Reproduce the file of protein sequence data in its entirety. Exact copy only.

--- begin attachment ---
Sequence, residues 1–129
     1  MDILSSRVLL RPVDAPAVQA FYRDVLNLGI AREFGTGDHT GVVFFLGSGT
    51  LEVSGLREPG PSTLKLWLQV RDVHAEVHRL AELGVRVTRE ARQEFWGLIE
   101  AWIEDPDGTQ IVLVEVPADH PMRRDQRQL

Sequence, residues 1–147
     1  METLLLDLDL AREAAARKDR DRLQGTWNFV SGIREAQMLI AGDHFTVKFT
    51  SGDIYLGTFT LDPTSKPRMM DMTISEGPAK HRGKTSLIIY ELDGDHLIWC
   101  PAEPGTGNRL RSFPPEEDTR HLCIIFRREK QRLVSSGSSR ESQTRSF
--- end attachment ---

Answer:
Sequence, residues 1–129
     1  MDILSSRVLL RPVDAPAVQA FYRDVLNLGI AREFGTGDHT GVVFFLGSGT
    51  LEVSGLREPG PSTLKLWLQV RDVHAEVHRL AELGVRVTRE ARQEFWGLIE
   101  AWIEDPDGTQ IVLVEVPADH PMRRDQRQL

Sequence, residues 1–147
     1  METLLLDLDL AREAAARKDR DRLQGTWNFV SGIREAQMLI AGDHFTVKFT
    51  SGDIYLGTFT LDPTSKPRMM DMTISEGPAK HRGKTSLIIY ELDGDHLIWC
   101  PAEPGTGNRL RSFPPEEDTR HLCIIFRREK QRLVSSGSSR ESQTRSF